DSM: Mimsy's "Nervous" explained

From: Alexander / Michiru Streater (uigui@oregano.ocn.ne.jp)
Date: Thu May 17 2001 - 09:29:41 EDT

>WHAT: Who says, where and when, that "SVS is better off without the
>'nervous'." What in the heck does that even mean? We are better off
>kids who are not interested, or are not able, to control their behavior
>socially. That is all. No supervision is still no supervision. But
>'nervous'? Isn't that most everyone?

OOmmph ! Back on track. The needs of the children is the prioity.

But Mimsy,

The dialogue appears below, and is in better context. I think the situation
is refering to, is where the schoolis quite new, and in view of your recent
post to
Cindy, one that you can actually sympathise. All refered posts below.

Best regards

Alexander Streater

first post.

 On Behalf Of Alexander /
Michiru Streater
Sent: Thursday, May 10, 2001 9:16 PM
To: discuss-sudbury-model@sudval.org
Subject: DSM: On Hybrid schools . . . Our Trojon Horse?

Dear Bill,
> Mimsy Sadofsky, in one of the tapes, fields the question as to whether
> could be a hybrid school, a school between what Sudbury Valley is and
what a
> traditional school is. My best answer is that no, they are really two
> different things (the 2d and the 3d). They are orthogonal.

A hybrid school. Is this one where:

a) some of the kids that attend belong to the "free" part of it while
        the other half of the kids attend lessons as normal (and look out
        of the window to see the others wasting their time on the grass
        while they settle back into their chairs comfortable in the
        knowledge that they will certainly "make it")

b) A regular school that provides more choice to it's students about
        what they do during the day


I think we can all agree that the first is un-workable.

But the second case I give a resounding Y-E-S . . . with provissions,
the main one being that the school allows itself to move further in
the direction (of, say, freedom, or back to traditional learning) as the
system evolves and shows itself to be workable.

Free schools frighten many people simply because they have no
idea how it can all work. Having a "all or nothing", "take it or leave it"
approach does nothing to bring the nervous on board.

A sliding approach needs to be provided. Interestingly enough, it is my
observation that the more extreme and regimented a school is, the
more easily, smoothly and successfully the school can be "converted"

Alexander Streater

Message to fellow teachers

Children learn inspite of us, not because of us!

Second post

Sam in SactoVS here -

"Free schools frighten many people simply because they have no
idea how it can all work. Having a "all or nothing", "take it or leave it"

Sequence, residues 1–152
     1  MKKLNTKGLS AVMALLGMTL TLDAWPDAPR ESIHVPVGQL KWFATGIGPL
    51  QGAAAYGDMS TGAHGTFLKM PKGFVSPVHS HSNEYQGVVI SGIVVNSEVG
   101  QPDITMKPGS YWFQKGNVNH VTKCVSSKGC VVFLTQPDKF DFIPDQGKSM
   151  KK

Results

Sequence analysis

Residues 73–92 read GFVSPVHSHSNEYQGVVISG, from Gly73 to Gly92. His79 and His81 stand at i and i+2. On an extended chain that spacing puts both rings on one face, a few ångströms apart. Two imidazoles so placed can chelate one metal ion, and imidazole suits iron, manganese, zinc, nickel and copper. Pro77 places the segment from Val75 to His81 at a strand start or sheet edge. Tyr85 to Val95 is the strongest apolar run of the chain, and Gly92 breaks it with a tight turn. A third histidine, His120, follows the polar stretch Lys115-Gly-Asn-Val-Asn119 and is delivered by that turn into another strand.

approach does nothing to bring the nervous on board."

To me this is a good thing and exactly the point! We in Sacramento have had
more than our share of "nervous" on board, and after all is said and done
they almost always leave. And usually it is not a plesant experience. On
the other hand, those who buy the "all or nothing", "take it or leave it" of
our philosophy stick around and are contributing members of the community.

Hybrids do not work. A Sudbury school is what it is, and parts-swapping
creates something that is not a Sudbury school. "A regular school that
provides more choice to it's students about what they do during the day" is
not a Sudbury School. You can call it a hybrid Sudbury if you want, but is
more like a prison that offers McDonalds in addition to the regular dinner
fare. It may offer more choice, but still is not freedom by any stretch of
the imagination.

"A sliding approach needs to be provided." You can offer Taco Bell next
year or possibly two or three kinds of toothpaste the year after, but for
all that sliding you still don't have freedom, just a few more choices.

Do the smooth and successful conversion of the more extreme and regimented
schools, but don't tinker with creating the missing link, because there is


third post

Mimsy's Post

Dear Cindy,

I apologize for my ignorance about some of what may have gone on in the last
week or so on the list. My email program is not being a loyal friend these
days! But I do know one thing: people in your tiny initial startup group of
5 who are negative (your word) will make it harder for you to get a school
started, not easier. Jettison them. Figure out what you think are criteria
for founder's group members, and make sure the desire to create a particular
type of school (think seriously, and in detail here) is a largely important
criterion. Hangers-on can sap your energy and kill the vitality of the two
people who know what they want. You don't have to be democratic now -- you
and the other person (or both if it comes to that) who know what you want
just walk away. Also, is there some money something going on here? Like a
small fee to be in this illustrious group in order to keep it going? That
usually gets rid of people who are hanging on for some obscure social or
psychological reason only they can begin to know, but are not really
interested in the same enterprise as you. Now it is yours; make sure you
what you want!



Alexander Streater

Message to fellow teachers (and parents):

Children learn in spite of us, not because of us!


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